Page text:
(p.7) 1.3.1 Parent material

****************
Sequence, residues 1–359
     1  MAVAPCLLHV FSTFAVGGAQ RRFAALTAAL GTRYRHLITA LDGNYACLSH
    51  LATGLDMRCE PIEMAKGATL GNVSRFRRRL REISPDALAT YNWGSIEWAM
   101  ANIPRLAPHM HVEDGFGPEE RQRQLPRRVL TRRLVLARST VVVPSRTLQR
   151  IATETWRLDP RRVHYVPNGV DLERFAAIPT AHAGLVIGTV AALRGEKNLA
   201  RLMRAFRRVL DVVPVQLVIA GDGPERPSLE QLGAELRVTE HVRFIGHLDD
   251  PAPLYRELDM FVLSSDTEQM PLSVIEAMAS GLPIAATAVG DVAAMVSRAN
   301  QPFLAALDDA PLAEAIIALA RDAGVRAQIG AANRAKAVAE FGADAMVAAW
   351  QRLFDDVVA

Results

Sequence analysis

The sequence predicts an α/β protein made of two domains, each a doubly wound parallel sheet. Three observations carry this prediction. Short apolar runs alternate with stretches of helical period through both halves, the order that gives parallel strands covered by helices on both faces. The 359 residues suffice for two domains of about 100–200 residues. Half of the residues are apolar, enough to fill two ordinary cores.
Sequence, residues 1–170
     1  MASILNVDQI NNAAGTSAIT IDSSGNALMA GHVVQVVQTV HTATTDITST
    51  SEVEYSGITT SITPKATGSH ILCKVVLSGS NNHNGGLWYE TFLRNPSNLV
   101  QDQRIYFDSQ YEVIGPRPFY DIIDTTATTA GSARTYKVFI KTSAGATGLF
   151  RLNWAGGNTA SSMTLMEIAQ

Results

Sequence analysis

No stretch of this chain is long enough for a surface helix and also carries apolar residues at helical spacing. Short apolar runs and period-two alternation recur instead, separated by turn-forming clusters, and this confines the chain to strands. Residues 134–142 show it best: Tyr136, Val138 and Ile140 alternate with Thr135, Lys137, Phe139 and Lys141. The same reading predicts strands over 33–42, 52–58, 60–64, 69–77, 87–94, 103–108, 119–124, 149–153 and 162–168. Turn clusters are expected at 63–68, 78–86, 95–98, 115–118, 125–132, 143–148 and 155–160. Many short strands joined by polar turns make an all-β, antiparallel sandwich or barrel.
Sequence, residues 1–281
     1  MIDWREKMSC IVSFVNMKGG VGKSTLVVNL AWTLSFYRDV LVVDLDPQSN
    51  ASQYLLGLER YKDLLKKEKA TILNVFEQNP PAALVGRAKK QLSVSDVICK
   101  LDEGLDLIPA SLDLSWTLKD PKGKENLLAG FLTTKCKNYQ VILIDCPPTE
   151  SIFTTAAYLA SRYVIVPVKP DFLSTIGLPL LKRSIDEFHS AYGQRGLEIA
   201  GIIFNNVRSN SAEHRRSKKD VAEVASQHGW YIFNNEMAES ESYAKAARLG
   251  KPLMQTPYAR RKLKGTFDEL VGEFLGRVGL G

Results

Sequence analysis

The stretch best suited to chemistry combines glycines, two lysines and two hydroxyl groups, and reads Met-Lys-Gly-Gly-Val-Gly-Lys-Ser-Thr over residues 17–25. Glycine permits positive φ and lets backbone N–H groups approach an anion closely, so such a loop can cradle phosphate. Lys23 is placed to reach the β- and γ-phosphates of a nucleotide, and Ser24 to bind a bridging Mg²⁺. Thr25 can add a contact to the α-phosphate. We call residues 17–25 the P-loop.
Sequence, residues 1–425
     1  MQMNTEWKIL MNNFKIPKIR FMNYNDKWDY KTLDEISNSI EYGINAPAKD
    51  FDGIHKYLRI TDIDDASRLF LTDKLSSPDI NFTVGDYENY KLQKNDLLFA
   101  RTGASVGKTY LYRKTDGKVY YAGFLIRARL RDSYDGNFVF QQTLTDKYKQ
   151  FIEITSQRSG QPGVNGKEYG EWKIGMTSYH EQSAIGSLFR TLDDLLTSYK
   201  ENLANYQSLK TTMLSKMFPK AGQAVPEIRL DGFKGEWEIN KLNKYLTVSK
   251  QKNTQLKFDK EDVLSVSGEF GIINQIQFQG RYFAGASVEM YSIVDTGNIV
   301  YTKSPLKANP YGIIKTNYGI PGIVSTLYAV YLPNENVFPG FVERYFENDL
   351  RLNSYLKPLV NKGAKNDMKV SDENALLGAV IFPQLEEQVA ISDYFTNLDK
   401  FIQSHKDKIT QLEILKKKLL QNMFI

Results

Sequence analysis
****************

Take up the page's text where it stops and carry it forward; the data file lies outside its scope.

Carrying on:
Geological processes acting over millions of years determine the variations and distribution of parent materials from which soils develop. Soils are formed from the weathering of either consolidated rock in situ or from unconsolidated deposits—derived from erosion of consolidated rock—that have been transported by water, ice, wind, or gravity. The mineralogical composition of these deposits varies tremendously. For example, the mineralogy of igneous rocks, formed by solidification of molten magma in, or on, the Earth’s crust, ranges from base-rich basalts (basic lava) with high amounts of calcium (Ca) and magnesium (Mg) to acidic rhyolites (acid lava) which contain high amounts of silica (Si) and low amounts of Ca and Mg. Rocks of intermediate base status, such as andesites, also commonly occur. Parent material also determines grain size, which determines soil texture (relative proportions of sand, silt, and clay), which in turn affects many soil properties, such as the ability of the soil to retain cations (its cation exchange capacity), the moisture retaining capacity, and soil profile drainage. Such variation in the mineralogy of rocks, therefore, strongly influences the type of soils that are formed and the character of the vegetation that they support (Fig. 1.4). Soils formed from weathering of basic lava, for example, tend to be rich in minerals such as Ca, Mg, and potassium (K) and fine textured (clayey), and have a high ability to retain cations of importance to plant nutrition (e.g. NH 4 + , Ca 2 + ). These soils are typically fertile brown earths with biologically active mull humus. In contrast, soils that are formed from acidic lava, such as granites and rhyolites, are low in Ca and Mg, coarse textured (sandy), and hence freely (p.8) drained, with low cation retention capacity. The soils that typically develop here are therefore strongly leached, nutrient-poor, acidic podzols with mor humus.